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TransGlobe Publishing, Ltd.
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TransGlobe – Photography and Lifestyle

London Burning: Portraits from a Creative City
Editor: Hossein Amirsadeghi
Executive Editor: Maryam Eisler
Contributor: Gregor Muir
Photography: Robin Friend, Andrea Hamilton, Kate Martin

Hardback, 32 x 27 cm, 600pp.

A new sizzle is in the air across London’s creative sectors.

Having successfully surveyed the lives and workplaces of America’s and Britain’s contemporary visual artists in Sanctuary: Britain’s Artists and their Studios (2012) followed by Art Studio America: Contemporary Artist Spaces (2013), TransGlobe Publishing, in collaboration with Thames & Hudson, has embarked on a challenging new venture: London Burning: Portraits from a Creative City.

Having invented the Swinging ’60s, punk rock in the ’70s and Cool Britannia in the ’90s, London in the 2000s is firing up the engine of renewal yet again. The intention behind London Burning is to explore Britain’s capital as today’s international HQ for creativity and innovation. Commentators who have clocked the city’s sparking of change across architecture, cinema and theatre, literature, dance, fashion, media and music, technology, design, and the visual and culinary arts have barely scratched the surface. They have neglected to address the tribal dynamics that have always underpinned London’s creative scene; they have also avoided the key questions whose answers sum up the city’s unique drive. In a time of extreme economic challenges, why and how has London become a creative universe running off its own special brand of fuel? How does it continue to regenerate, to confound the naysayers who pop up every decade or so foretelling its decline? And where is it all heading, given the certain social, political and structural tectonic shifts looming ahead?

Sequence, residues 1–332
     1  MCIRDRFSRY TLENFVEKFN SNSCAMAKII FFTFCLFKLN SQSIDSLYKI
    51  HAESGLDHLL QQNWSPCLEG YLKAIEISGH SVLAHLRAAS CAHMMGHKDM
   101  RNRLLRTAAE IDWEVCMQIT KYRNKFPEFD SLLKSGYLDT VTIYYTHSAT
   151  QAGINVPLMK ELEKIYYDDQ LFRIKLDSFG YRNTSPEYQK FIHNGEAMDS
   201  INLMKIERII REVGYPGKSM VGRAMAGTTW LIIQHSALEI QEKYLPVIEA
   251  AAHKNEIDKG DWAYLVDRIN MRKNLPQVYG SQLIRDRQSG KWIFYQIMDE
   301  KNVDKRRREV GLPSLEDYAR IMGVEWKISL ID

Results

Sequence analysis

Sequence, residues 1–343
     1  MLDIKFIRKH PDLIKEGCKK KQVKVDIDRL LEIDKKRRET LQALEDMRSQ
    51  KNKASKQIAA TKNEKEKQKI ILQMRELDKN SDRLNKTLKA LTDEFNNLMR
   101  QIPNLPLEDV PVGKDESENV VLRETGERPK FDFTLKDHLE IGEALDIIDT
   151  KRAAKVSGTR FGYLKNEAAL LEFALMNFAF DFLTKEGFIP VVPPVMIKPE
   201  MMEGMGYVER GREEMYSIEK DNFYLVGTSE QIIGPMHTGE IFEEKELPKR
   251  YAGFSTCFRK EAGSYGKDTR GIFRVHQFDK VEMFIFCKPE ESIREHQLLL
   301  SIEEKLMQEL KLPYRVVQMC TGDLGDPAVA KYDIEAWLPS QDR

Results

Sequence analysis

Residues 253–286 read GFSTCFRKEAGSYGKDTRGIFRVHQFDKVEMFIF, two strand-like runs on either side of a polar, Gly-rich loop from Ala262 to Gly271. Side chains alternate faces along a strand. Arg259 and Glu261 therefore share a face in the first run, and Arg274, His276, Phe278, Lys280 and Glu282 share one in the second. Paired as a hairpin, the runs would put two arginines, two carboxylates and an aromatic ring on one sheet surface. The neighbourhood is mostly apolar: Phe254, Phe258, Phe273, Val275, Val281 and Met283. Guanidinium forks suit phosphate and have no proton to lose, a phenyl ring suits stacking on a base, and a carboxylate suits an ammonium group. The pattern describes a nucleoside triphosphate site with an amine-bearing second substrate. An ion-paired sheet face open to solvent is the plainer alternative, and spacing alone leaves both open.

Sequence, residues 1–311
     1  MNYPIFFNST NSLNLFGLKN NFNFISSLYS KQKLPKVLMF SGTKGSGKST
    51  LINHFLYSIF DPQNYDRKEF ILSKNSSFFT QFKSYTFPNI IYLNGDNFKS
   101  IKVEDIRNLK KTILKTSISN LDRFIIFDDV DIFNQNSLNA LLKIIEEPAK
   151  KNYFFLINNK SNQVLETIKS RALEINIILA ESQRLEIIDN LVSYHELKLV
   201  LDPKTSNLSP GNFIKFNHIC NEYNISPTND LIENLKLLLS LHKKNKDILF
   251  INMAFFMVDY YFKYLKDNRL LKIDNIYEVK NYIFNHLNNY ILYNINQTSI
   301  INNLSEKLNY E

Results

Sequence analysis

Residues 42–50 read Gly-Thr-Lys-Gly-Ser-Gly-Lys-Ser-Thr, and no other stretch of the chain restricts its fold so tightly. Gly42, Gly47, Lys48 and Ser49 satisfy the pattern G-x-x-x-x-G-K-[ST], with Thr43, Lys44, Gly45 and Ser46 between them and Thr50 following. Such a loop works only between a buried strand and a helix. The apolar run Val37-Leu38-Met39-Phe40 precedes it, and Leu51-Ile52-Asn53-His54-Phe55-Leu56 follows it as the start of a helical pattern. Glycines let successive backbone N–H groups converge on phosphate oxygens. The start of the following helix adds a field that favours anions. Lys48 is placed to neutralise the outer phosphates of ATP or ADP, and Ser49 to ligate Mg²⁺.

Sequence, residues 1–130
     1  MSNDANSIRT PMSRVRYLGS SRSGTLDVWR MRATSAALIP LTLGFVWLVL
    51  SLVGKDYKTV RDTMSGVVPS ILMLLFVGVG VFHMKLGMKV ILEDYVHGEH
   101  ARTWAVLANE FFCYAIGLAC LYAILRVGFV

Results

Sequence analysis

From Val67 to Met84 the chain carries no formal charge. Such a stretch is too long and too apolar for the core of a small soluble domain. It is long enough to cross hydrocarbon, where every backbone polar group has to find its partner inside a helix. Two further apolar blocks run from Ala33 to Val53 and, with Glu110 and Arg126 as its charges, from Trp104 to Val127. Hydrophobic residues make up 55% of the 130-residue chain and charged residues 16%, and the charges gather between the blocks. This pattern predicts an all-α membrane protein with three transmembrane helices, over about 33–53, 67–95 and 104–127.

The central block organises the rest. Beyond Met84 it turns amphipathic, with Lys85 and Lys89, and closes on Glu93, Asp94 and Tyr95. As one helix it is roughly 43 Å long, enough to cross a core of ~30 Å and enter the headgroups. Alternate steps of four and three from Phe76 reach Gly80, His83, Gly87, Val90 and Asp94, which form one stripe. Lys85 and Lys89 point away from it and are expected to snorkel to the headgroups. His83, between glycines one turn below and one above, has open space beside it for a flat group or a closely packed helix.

Two-thousand-year-old London has survived barbarians at its gates, Norman invaders up to no good, civil war, great fires and plagues, Nazi bombers and haphazard civic planning. The capital today is a cultural Molotov cocktail fuelled by hedonism, money, power and ethnic combustibility. The city, openly resented by many others throughout the UK, commands greater wealth than the rest of the country taken together. Quite a backdrop to London Burning’s hundred probing interviews and profiles, which introduce creative personalities young and old, highbrow and populist, Establishment figures and newbies, set against the variegated scenes they inhabit. The book draws on a broad spectrum of people both in the public eye and behind the scenes, among them Nicholas Serota, Director of Tate; sculptor Antony Gormley; Peter Ackroyd, London’s pre-eminent living chronicler; Jude Kelly, Artistic Director of the Southbank Centre; Alistair Spalding, Chief Executive of Sadler’s Wells; and Gilbert & George, London’s quintessential artistic personalities. Other profilees include Alan Yentob, Creative Director of the BBC; Guy Ritchie, London’s own director-mensch; skyline-redefiner David Chipperfield; and Mathew Slotover, the founder of Frieze Art Fair. Groundbreaking chefs Fergus Henderson, Ruthie Rogers and Mark Hix; Vogue Editor Alexandra Shulman; critic Jackie Wullschlager; multimedia Reith Lecturer Grayson Perry; conceptual guru Hans Ulrich Obrist; writer-ceramist nonpareil Edmund de Waal ... the list goes on. Add to that such young sparks as musician Tinie Tempah, actress Gemma Arterton, fashion designer Roksanda Illinic and performance artist Eddie Peake, to name but a few, and you can start to see why London comes first in today’s creative sweepstakes. Each four-, six- or eight-page profile is introduced by a unique portrait, followed by a lively conversational investigation into the soul and psyche of the profilee with a close focus on their particular brand of London-mania: their favoured haunts and neighbourhoods, their likes and dislikes, and, most importantly, the quirkiness that helps to define both output and character.

As an added bonus, London Burning evokes the city through the seasons, investigating its ever-spinning creative solar system through nearly seven hundred specially commissioned photographs. The urban scene is thus brought alive through the eyes, ears and even the noses of residents at its creative core, with hoteliers, rappers, ballerinas, restaurateurs and fashionistas enlivening the mix. Unlocking secret passions and embracing a range of lifestyles from the most outrageous to the most parochial, London Burning celebrates the feast of creativity being cooked by the people making tomorrow’s news.

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